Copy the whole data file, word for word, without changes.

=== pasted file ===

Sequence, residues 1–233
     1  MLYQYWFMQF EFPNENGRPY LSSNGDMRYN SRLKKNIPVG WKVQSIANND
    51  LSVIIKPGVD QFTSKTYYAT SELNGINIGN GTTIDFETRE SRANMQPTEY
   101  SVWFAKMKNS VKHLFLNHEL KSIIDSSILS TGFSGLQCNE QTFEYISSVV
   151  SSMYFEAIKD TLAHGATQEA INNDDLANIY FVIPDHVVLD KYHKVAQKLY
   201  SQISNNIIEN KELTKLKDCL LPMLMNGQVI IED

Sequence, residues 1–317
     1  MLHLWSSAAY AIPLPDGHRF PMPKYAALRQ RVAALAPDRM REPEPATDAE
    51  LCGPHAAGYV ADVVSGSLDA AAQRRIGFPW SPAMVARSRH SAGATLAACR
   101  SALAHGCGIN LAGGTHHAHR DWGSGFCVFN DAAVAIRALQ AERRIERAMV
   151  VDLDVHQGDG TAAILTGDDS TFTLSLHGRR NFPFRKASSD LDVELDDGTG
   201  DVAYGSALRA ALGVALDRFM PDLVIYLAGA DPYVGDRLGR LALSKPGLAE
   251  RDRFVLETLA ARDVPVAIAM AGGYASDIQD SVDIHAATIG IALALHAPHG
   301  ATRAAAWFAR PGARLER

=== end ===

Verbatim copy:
Sequence, residues 1–233
     1  MLYQYWFMQF EFPNENGRPY LSSNGDMRYN SRLKKNIPVG WKVQSIANND
    51  LSVIIKPGVD QFTSKTYYAT SELNGINIGN GTTIDFETRE SRANMQPTEY
   101  SVWFAKMKNS VKHLFLNHEL KSIIDSSILS TGFSGLQCNE QTFEYISSVV
   151  SSMYFEAIKD TLAHGATQEA INNDDLANIY FVIPDHVVLD KYHKVAQKLY
   201  SQISNNIIEN KELTKLKDCL LPMLMNGQVI IED

Sequence, residues 1–317
     1  MLHLWSSAAY AIPLPDGHRF PMPKYAALRQ RVAALAPDRM REPEPATDAE
    51  LCGPHAAGYV ADVVSGSLDA AAQRRIGFPW SPAMVARSRH SAGATLAACR
   101  SALAHGCGIN LAGGTHHAHR DWGSGFCVFN DAAVAIRALQ AERRIERAMV
   151  VDLDVHQGDG TAAILTGDDS TFTLSLHGRR NFPFRKASSD LDVELDDGTG
   201  DVAYGSALRA ALGVALDRFM PDLVIYLAGA DPYVGDRLGR LALSKPGLAE
   251  RDRFVLETLA ARDVPVAIAM AGGYASDIQD SVDIHAATIG IALALHAPHG
   301  ATRAAAWFAR PGARLER